ONE37pm: How did Mendi come to be?
Rapinoe: Mendi is a culmination of a long body of work. I grew up in rural California, where I saw drugs and alcohol abuse in my family. At 21, I started playing pro-soccer, and by 26, I’d had six surgeries. I’ve always been very passionate about the human body, and I was relying on opioids for recovery. I started training collegiate and professional soccer players, and that’s when I realized how passionate I was about the role recovery plays in being your best self.
I started seeing athletes using cannabis products, and I personally began using marijuana and hemp products. I immediately recognized the difference, and the entrepreneur in me saw the potential to take it further. We are a small business, originally we had five business partners, but now it’s down to Brett and me. We complement each other, and it’s been a three-and-a-half-year journey total.
Schwager: After working in design for 20 years now, Mendi was a long time coming. I had been seeking an opportunity to build a sports brand from the ground up in an entirely new industry, where the sky's the limit in terms of redefining what it means to be an athlete. Conventional sports culture doesn't have a great track record of fairly representing the competitive journey most athletes take throughout their life, and as someone who grew up hooked on youth sports and art simultaneously, I felt kind of locked into having to choose either-or, and be either a jock or an artist, sadly.
Fortunately, I grew up on Bainbridge Island, near Seattle, and I think I subconsciously at the time had some sort of reassurance by all the musicians, artists, writers, and creatives living there that other career paths existed beyond sports. That perspective kept me going as I went to design school at UW while playing lacrosse. In a way, for me personally, you could say Mendi is the result of two decades seeking to expand what I thought were limitations of what a career journey looked like as a young, naive athlete.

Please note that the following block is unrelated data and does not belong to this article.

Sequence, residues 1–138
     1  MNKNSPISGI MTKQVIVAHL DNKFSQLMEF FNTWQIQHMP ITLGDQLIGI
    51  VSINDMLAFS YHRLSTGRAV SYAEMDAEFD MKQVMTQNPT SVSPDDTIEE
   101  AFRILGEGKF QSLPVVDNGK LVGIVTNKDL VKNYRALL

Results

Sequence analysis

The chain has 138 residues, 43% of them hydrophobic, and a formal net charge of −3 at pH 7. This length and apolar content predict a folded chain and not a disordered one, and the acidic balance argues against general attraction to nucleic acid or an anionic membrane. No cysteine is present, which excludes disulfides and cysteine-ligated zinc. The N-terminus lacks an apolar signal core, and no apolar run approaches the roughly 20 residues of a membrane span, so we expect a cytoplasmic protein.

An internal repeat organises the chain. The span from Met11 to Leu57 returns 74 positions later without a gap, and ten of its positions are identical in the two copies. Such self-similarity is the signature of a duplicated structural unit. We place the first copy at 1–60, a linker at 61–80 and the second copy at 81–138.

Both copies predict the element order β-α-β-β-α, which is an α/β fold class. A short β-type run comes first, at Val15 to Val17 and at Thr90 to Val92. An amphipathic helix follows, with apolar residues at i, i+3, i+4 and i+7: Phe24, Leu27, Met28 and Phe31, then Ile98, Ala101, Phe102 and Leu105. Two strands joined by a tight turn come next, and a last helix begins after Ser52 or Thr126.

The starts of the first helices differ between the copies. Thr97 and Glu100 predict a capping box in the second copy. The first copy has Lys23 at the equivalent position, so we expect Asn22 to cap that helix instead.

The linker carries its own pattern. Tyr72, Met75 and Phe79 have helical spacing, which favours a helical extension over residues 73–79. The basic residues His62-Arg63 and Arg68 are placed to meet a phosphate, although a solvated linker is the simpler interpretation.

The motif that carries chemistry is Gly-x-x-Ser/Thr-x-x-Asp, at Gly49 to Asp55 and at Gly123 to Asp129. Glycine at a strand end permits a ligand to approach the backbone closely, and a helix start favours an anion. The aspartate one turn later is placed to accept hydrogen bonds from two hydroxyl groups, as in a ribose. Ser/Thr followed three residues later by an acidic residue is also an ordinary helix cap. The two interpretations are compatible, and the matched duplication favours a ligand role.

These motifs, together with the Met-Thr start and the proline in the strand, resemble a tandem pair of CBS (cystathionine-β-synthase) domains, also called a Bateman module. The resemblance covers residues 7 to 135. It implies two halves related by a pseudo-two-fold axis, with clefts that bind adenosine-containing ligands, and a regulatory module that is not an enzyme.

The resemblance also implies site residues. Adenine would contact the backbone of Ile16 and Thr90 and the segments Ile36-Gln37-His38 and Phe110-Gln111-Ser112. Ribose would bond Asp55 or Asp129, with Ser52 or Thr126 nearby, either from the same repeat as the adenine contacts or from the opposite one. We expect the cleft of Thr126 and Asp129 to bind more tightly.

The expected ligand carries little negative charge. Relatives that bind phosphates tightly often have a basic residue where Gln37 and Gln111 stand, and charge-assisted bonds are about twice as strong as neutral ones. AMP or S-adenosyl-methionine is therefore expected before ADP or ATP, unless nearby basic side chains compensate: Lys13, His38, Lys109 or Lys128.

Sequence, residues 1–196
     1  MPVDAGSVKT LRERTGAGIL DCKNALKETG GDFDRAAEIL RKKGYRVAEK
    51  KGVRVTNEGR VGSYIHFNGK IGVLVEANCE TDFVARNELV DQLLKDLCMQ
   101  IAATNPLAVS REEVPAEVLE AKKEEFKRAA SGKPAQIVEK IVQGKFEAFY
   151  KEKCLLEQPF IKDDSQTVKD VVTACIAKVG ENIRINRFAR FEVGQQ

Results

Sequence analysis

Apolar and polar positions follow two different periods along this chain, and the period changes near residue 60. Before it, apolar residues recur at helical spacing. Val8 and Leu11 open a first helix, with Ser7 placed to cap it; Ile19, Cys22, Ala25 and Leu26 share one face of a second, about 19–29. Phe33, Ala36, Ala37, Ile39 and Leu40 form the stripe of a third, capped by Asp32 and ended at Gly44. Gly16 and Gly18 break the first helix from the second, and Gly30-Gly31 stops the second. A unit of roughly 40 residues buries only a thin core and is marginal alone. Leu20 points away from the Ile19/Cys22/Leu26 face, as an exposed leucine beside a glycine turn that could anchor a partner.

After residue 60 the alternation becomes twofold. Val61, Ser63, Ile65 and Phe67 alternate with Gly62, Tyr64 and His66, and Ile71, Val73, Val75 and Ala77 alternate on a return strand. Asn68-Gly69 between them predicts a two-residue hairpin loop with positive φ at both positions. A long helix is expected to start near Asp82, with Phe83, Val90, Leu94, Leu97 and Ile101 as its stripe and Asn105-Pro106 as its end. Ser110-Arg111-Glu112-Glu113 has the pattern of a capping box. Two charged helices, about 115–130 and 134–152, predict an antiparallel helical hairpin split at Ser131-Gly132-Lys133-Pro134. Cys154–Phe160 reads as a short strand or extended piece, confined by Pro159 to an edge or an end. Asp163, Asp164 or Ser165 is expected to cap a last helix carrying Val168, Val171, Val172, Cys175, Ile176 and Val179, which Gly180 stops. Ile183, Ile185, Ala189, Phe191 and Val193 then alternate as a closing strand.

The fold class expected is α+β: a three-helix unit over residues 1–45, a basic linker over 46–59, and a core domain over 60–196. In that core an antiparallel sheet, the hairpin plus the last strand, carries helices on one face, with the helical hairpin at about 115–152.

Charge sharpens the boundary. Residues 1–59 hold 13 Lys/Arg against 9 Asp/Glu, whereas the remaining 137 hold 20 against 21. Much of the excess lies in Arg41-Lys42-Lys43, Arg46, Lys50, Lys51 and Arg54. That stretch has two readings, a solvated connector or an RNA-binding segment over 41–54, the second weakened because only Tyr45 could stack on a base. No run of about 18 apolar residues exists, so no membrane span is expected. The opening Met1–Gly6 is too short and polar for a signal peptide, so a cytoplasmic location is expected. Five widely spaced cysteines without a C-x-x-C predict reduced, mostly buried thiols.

ONE37pm: We are finally starting to see the stigma of CBD disappear. How important is that, and how do you hope Mendi continues to change the narrative in that regard?
Rapinoe: It is our job to tell sincere and real stories. Portraying cannabinoid products a certain way and governing bodies have not helped either. We want to tell the real story of cannabis in sports. People think athletes are smoking Js on the back porch, and that is a mischaracterization. Approximately 85-95 percent of athletes are using CBD in some form, and they are dealing with real problems such as stress and anxiety. We want to keep athlete health at the forefront. We are making some headway, and with Mendi, we are hoping to get support from the FDA. We’re excited to continue to destigmatize cannabinoids in a sincere, authentic, and very real way.
Schwager: We’ve still got a lot of work to do. It’s an interesting space in the marijuana and CBD world because sometimes it feels like we are moving too fast, and then other times it seems that we aren’t bringing people up to speed fast enough. Unfortunately, culturally, we also live in a clickbait society, where people root for you to win and also fail. There are a lot of grey areas, and highlight reels don’t cover the whole story. We want to help bring down the stigma, and it’s going to continue to take a lot of hard work.